Annexe A Reference control objectives & controls – basically just a list of ISO/IEC 27002’s sections on controls. While the annexe is a normative document, certified organizations are free to deviate from it or add to it if that is what is necessary to address their particular information risks. Analyzing Annex A alone is challenging. More details on controls, including how to implement them, can be found in ISO/IEC 27002.
Bibliography – provides readers with links to five related standards and part 1 of the ISO/IEC directives. Also, ISO 27000 is identified as a normative (or essential) standard and ISO 31000 is referred to several times in the standard.
Qualifications for certification
A formalized model for an ISMS is ISO/IEC 27001, with two distinct aims:
1. An ISMS is described at a fairly high level, with descriptions of the important parts;
2. Accredited certification auditors may use it for formal compliance assessment, to certify that an organization is compliant.
Explicitly required for certification is the following documentation:
1. ISMS scope (as per clause 4.3)
2. The information security policy (clause 5.2)
3. The information risk assessment process (clause 6.1.2)
4. The information risk treatment process (clause 6.1.3)
5. Information security objectives (clause 6.2)
6. Validation of the competence of the employees (clause 7.2)
7. Documents related to information security management that the organization deems necessary (clause 7.5.1b)
8. Control and planning documents for operational activities (clause 8.1)
9. Information risk assessment results (clause 8.2)
10. Decisions about the information risk treatment (clause 8.3)
11. Data showing that information security is monitored and measured (clause 9.1)
12. The ISMS internal auditing program and audit results (clause 9.2)
13. Evidence of ISMS top management reviews (clause 9.3)
14. Documentation of identified nonconformities and the corrective action is taken (clause 10.1)
15. Various others: Annex A refers to these documents; however, it does not fully describe them, for instance, the acceptable use of assets policy, the access control policy, the operating procedures, the nondisclosure agreements, guidelines for secure system engineering, supplier information security policies, information security incident response protocols, laws, regulations, as well as the associated compliance procedures and continuity procedures for information security. It should be noted, however, that Annex A is not a statutory requirement for organizations to adopt and comply with: organizations have the freedom to take other measures to address their information risk.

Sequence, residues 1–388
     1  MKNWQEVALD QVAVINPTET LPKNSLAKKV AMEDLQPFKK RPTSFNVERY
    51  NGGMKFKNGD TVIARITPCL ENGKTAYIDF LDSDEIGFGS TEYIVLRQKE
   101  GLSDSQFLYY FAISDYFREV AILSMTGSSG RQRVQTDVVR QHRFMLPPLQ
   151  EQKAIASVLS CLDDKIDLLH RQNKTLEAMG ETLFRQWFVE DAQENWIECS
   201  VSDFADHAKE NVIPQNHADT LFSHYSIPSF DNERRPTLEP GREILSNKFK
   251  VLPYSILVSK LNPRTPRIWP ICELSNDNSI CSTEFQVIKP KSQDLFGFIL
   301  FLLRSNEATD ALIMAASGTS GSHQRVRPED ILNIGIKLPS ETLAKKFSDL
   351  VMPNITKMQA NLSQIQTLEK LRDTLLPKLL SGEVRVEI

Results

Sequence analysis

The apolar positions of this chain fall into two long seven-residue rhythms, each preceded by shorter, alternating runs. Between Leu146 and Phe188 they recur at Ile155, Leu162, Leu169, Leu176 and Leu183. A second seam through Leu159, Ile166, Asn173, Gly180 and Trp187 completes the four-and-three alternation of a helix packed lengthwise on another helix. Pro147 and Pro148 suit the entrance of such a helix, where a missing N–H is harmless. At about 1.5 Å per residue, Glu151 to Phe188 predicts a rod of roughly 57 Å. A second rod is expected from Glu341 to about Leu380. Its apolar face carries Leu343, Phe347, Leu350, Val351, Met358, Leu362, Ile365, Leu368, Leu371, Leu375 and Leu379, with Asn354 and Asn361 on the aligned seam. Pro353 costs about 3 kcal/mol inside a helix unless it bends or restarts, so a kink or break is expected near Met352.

These fifteen types of documentation will almost certainly be checked by certification auditors for both presence and suitability.
The standard does not specify exactly how documentation should be formatted, but section 7.5.2 mentions things like titles, authors, formats, media, and approvals, while section 7.5.3 mentions document control, which implies an ISO 9000-style process. Quite often, electronic documentation (like intranet pages) is better than paper documentation in that it is easier to update and control.
ISMS Framework and Statement of Applicability (SOA)
The standard is intended to ensure that companies implement an enterprise-wide ISMS that addresses their information risks appropriately and systematically; however, companies can choose to scope their ISMS as broadly or narrowly as they wish (clause 4.3). One of the requirements for certification is that an ISMS scope is documented.
Section 6.1.3 requires the Statement of Applicability, even though it isn’t explicitly defined. SOA describes the output of an information risk assessment, especially the decisions made about how to deal with the risk. For instance, the SOA may comprise a matrix that shows various forms of information risk one way and treatment options the other, illustrating how each is treated in the body, and perhaps who is responsible. Controls from ISO/IEC 27002 are most commonly referenced, but different approaches can be used as well, such as NIST SP800-53, the ISF standard, BMIS or COBIT. As a precaution against “overlooking necessary controls,” ISO/IEC 27002 provides a checklist at Annex A to avoid such a risk. These controls are not required.